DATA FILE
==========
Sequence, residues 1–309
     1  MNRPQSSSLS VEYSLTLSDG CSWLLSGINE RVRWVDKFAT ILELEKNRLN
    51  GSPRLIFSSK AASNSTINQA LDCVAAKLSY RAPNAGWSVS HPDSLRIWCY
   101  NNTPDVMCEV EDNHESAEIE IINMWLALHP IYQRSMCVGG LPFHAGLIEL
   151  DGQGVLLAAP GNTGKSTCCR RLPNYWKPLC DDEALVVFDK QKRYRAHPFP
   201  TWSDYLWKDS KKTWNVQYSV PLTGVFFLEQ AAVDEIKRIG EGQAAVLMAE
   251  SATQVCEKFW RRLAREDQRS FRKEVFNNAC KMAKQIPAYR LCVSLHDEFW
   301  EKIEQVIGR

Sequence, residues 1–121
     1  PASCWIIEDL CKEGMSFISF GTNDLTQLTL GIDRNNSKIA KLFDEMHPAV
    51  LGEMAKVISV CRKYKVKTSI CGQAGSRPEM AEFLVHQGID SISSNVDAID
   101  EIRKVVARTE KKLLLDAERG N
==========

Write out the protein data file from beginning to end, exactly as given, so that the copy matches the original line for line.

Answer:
Sequence, residues 1–309
     1  MNRPQSSSLS VEYSLTLSDG CSWLLSGINE RVRWVDKFAT ILELEKNRLN
    51  GSPRLIFSSK AASNSTINQA LDCVAAKLSY RAPNAGWSVS HPDSLRIWCY
   101  NNTPDVMCEV EDNHESAEIE IINMWLALHP IYQRSMCVGG LPFHAGLIEL
   151  DGQGVLLAAP GNTGKSTCCR RLPNYWKPLC DDEALVVFDK QKRYRAHPFP
   201  TWSDYLWKDS KKTWNVQYSV PLTGVFFLEQ AAVDEIKRIG EGQAAVLMAE
   251  SATQVCEKFW RRLAREDQRS FRKEVFNNAC KMAKQIPAYR LCVSLHDEFW
   301  EKIEQVIGR

Sequence, residues 1–121
     1  PASCWIIEDL CKEGMSFISF GTNDLTQLTL GIDRNNSKIA KLFDEMHPAV
    51  LGEMAKVISV CRKYKVKTSI CGQAGSRPEM AEFLVHQGID SISSNVDAID
   101  EIRKVVARTE KKLLLDAERG N